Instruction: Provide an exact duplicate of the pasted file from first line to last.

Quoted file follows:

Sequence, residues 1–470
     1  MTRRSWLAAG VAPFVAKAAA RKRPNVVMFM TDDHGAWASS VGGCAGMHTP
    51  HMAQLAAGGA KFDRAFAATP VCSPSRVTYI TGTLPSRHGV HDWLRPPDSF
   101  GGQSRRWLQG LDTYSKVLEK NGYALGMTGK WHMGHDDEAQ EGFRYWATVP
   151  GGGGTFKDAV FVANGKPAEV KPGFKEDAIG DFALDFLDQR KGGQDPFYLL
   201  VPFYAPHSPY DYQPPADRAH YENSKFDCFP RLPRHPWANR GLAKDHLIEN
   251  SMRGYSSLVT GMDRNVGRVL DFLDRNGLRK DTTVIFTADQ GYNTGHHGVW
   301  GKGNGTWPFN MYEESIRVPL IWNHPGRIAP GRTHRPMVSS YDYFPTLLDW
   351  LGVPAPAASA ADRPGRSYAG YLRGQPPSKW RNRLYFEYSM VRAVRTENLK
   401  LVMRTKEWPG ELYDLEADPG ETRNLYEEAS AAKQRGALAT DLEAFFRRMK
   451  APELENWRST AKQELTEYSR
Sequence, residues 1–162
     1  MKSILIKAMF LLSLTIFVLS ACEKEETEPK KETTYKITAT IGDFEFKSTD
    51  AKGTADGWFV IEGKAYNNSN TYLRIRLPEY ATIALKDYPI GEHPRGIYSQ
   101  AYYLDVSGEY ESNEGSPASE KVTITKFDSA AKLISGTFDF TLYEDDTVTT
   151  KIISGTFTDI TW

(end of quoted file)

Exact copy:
Sequence, residues 1–470
     1  MTRRSWLAAG VAPFVAKAAA RKRPNVVMFM TDDHGAWASS VGGCAGMHTP
    51  HMAQLAAGGA KFDRAFAATP VCSPSRVTYI TGTLPSRHGV HDWLRPPDSF
   101  GGQSRRWLQG LDTYSKVLEK NGYALGMTGK WHMGHDDEAQ EGFRYWATVP
   151  GGGGTFKDAV FVANGKPAEV KPGFKEDAIG DFALDFLDQR KGGQDPFYLL
   201  VPFYAPHSPY DYQPPADRAH YENSKFDCFP RLPRHPWANR GLAKDHLIEN
   251  SMRGYSSLVT GMDRNVGRVL DFLDRNGLRK DTTVIFTADQ GYNTGHHGVW
   301  GKGNGTWPFN MYEESIRVPL IWNHPGRIAP GRTHRPMVSS YDYFPTLLDW
   351  LGVPAPAASA ADRPGRSYAG YLRGQPPSKW RNRLYFEYSM VRAVRTENLK
   401  LVMRTKEWPG ELYDLEADPG ETRNLYEEAS AAKQRGALAT DLEAFFRRMK
   451  APELENWRST AKQELTEYSR
Sequence, residues 1–162
     1  MKSILIKAMF LLSLTIFVLS ACEKEETEPK KETTYKITAT IGDFEFKSTD
    51  AKGTADGWFV IEGKAYNNSN TYLRIRLPEY ATIALKDYPI GEHPRGIYSQ
   101  AYYLDVSGEY ESNEGSPASE KVTITKFDSA AKLISGTFDF TLYEDDTVTT
   151  KIISGTFTDI TW